Monthly Archives: September 2014

Standing Ready

The round-house punch came from the left and hit me squarely in the left eye.  My head wobbled back and forth, think Wiley E. Coyote when he gets hit with a frying pan, then his head snaps back to original form.  Only I wasn’t in a cartoon.  I was wedged in a druggie’s bedroom between his bed and a dresser.  A 17-yr-old was tripping out and his parents had called 911, unable to contain his violence.

Me and my back-up and good friend, Dave, had arrived at the house about the same time and approached the front door.  The kid’s father was totally frustrated and alarmed.  “My son is high on something and very violent, he has locked himself in his room.”  An ambulance was called and the goal was to get the kid on a gurney and to the hospital to be checked out.  Neither parent said they had been harmed, so arrest for assault/family violence, was not considered.

I got permission from the Dad to “open” the bedroom door and Dave did so with one good kick.  I entered the bedroom first and quickly scanned for weapons within the kid’s reach.  He stood there and spewed obscenities as I scooted sideways between the bed and dresser…wanting to get my hands on him.  Dave was right behind me as we moved to get control of this potentially dangerous situation.

I inched closer to the kid as he was screaming a diatribe fueled by dope.  I was about to latch onto him when the punch hit me.  Feeling pain, anger, and embarrassment all at the same time….I wobbled.  Being wedged as tight as I was…I did not go down for the count.  He was a good sized teenager and the punch came with a great amount of force and adrenalin.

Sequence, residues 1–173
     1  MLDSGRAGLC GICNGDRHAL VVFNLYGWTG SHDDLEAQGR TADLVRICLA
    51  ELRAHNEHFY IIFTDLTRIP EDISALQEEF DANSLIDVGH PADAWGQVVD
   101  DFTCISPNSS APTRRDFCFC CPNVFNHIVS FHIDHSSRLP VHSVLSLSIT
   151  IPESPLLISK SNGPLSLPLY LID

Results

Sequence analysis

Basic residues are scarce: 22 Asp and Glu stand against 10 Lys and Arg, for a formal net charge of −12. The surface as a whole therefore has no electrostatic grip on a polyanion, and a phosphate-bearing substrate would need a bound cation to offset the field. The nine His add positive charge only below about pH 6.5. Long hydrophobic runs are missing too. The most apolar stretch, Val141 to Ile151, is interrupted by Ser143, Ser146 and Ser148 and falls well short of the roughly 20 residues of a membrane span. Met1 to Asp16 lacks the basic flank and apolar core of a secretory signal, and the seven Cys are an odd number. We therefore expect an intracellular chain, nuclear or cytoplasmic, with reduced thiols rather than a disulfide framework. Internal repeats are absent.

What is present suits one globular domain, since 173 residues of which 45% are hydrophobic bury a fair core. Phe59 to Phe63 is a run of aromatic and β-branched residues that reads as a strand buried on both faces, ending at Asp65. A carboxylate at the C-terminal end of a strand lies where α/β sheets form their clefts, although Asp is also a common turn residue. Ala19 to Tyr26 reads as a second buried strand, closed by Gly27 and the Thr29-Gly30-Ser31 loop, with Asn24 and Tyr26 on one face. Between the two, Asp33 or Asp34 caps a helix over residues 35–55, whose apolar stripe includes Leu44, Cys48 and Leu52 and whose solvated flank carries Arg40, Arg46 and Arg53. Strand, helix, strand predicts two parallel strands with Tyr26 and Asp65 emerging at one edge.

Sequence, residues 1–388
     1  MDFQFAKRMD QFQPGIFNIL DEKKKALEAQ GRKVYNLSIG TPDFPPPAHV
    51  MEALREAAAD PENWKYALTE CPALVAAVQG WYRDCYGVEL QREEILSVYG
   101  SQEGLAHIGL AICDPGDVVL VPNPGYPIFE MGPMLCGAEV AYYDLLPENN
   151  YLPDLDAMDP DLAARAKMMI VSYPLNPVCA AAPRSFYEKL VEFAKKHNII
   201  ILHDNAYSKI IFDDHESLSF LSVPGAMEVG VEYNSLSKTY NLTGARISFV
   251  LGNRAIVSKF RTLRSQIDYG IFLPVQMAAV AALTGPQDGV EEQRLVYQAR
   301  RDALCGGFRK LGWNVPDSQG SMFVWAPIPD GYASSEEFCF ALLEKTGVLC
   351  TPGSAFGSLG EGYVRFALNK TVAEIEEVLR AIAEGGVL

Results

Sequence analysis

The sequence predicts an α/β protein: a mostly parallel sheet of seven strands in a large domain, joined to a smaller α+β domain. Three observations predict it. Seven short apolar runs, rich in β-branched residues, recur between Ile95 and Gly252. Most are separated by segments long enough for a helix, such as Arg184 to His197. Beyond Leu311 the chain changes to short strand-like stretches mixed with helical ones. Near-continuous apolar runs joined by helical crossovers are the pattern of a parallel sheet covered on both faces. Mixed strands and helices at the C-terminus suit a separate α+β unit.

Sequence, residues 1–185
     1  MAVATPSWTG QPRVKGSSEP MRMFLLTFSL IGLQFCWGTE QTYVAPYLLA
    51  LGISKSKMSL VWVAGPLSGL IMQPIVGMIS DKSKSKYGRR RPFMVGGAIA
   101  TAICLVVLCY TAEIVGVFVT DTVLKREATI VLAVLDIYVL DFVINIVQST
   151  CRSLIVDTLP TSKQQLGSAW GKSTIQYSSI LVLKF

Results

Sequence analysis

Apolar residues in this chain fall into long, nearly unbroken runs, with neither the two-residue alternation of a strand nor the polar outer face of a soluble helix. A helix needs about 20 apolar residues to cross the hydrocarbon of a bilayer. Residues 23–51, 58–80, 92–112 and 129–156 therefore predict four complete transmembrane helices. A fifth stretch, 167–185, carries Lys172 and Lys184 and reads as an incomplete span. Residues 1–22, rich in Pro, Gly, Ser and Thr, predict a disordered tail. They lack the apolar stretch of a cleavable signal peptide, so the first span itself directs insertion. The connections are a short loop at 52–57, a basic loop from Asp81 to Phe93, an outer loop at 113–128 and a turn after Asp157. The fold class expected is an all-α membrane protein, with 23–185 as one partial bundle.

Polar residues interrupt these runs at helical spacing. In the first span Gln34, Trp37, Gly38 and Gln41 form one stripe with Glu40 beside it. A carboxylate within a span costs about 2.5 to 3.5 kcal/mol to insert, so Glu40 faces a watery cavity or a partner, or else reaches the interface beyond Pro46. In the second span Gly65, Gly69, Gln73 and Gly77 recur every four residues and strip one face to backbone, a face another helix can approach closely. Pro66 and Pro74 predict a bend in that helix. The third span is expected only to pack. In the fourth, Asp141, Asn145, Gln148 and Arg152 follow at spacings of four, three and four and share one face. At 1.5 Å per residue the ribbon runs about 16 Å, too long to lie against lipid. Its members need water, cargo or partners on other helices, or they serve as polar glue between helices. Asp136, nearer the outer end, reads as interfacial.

Dave lunged for the kid as I grabbed him with both hands and we threw him backwards onto his bed.  The fight was on for a couple of moments, with both his parents watching from the doorway to the bedroom.  We drug him out to the front porch of the house.  I had one handful of hair and with the other I grabbed him by the belt of his jeans.  We secured him on the gurney and off he went to Parkland Hospital in Dallas.

I could have charged him with aggravated assault on a peace officer, but I did not.  The parents thanked us for our help and off we went to the next call in our district.  Dave laughed at me after he saw I was okay.  Hell, he laughs about this till this day when we start talking old “war stories.”

A very small and somewhat routine call got me punched, it could have gotten us killed.  You never know what you are walking into when you answer a call for service as a cop.  The kid could have pulled a gun and the story would have ended quite differently.  He was out of is mind…we were careful, it still happened.  The kid needed to go to the hospital and we had a job to do.  We did what his own parents could not do.

Why do I blog about this today?  Well, because I had a bad experience with a police detective recently.  I found myself cursing my local police department and generalizing all of them as cowards and idiots because of this one guy.  We get caught up in generalizing people, groups of people…cops especially when we see news stories like Ferguson, Missouri.